I find myself with a few extra minutes before I have to make dinner. The kids and I just came in from outside; now they are watching a show. I’ve already washed, folded, and put away three loads of laundry today. I went grocery shopping. I ran the kids to and fro. So in this snippet of time between taking care of the kids and domestic duties, I am going to write as part of my health and wellness plan.
We set the clocks back on Saturday night. The actually setting of the clocks back doesn’t bother me. So what, an extra hour. But it’s what that really means that bothers me. Less daylight. It’s been such a sunny, mild and lovely fall — the leaves have been beautiful and some trees are still crimson red — so I cannot complain about the cold or light.
But now the darkness.
Oh the darkness.
That is what kills me.
I’m trying to stay hopeful that I’ll find ways to stay bright and cheery as the holidays approach, but I was already craving a glass of red wine earlier when it started getting dark far too soon. I am trying to promise myself that drinking red wine all winter isn’t the answer. I’ve just got to find ways to keep my spirits up and actually enjoy the holidays this year. Last year was rough. But it was the start of a new beginning for me because I opened up about being bipolar and started getting better treatment and talking about my feelings and emotions that I had repressed for years. I am hoping now that I’ve done all that mental work that this year won’t be as bad as last year, though I am still dealing with a few things.
Over the last week, when I’ve swallowed my medication at 8 a.m. when the alarm on my phone reminds me to, I have been grateful. Really really grateful that I have had good doctors and family/friend support that’s helped me get to the point where I am at. Healthy and balanced. Mostly at least 😉 I mean, I am learning that I am an EXTREMELY emotional person, bipolar disorder aside, and that that’s ok. I’ve shed more tears over the last year than I knew were even inside me just waiting to be released. It’s been good. All of it. All of those tears as they released pain, sometimes joy and sentimentality. All of the talking, thinking, pill-swallowing, hard work over the last year has been transformational.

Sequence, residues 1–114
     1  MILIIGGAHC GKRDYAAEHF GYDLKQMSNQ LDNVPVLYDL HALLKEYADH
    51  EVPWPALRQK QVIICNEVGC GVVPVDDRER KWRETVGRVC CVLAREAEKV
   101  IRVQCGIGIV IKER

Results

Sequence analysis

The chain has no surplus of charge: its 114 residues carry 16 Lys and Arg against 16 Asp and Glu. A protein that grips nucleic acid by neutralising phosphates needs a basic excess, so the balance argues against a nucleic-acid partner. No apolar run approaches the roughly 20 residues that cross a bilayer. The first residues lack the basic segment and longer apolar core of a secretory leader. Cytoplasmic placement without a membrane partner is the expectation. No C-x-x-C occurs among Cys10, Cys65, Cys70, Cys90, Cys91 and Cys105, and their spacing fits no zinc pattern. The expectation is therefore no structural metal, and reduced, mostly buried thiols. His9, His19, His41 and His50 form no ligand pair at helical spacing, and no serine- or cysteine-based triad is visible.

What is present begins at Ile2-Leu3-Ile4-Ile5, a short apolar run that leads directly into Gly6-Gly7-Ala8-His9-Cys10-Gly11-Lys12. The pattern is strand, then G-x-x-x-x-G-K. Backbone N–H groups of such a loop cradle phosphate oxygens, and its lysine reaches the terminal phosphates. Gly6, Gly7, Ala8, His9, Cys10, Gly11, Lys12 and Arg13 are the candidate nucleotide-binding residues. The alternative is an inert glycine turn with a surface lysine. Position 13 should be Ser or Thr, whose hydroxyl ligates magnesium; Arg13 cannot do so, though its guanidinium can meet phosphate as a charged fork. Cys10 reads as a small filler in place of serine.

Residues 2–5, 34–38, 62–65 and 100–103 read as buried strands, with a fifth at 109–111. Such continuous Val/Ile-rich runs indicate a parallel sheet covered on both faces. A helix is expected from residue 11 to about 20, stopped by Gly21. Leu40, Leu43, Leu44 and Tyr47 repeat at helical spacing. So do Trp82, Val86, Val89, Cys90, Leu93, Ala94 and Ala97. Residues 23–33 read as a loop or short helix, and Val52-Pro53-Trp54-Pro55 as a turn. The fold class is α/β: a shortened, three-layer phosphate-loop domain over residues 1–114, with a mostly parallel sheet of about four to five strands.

Now I am at the point where I can feel the joy and feel the sadness of everyday life without worry of a psychotic episode. I worry less about the past and feel less anxious about the future. It’s a new way of thinking for me, and I want to continue with it.
So as we head into darker days, I am going to remind myself to be thankful. With Thanksgiving approaching you’d think that wouldn’t be hard to do, but the stores are already inundated with Christmas stuff. As I grocery shopped today I had to avoid looking at the trees, the lights, the red, the green, the candy, the eggnog because I am not ready for Christmas. Instead I focused on my daughter in the cart, and at check-out when my eyes were drawn to the cover of Real Simple magazine that read, Thanksgiving Start to Finish, I decided that that’s what I am going to focus on. November, not December. Gratitude. Turkey. And a slice of pumpkin pie.
October went well this year. I participated in everything related to pumpkin patches, hayrides, pumpkin carving, fall festivals, Halloween, and trick-or-treat. And I did it with my kids, and I enjoyed myself, even when I felt melancholy or sad on occasion. Not all days are perfect and I still have some unrest, but for the most part I basked in the sunny days and strolls to-and-from my son’s school watching the leaves change colors and fall off the trees, and life felt simple. And I felt present and acutely aware of myself and my actions.
I hope that simplicity and mindfulness and gratitude continues this month and into next and and next and that my life will keep working itself out — the past informing the future as I live in the now. ‘Tis the season to be well and thankful.
And then — to write about it.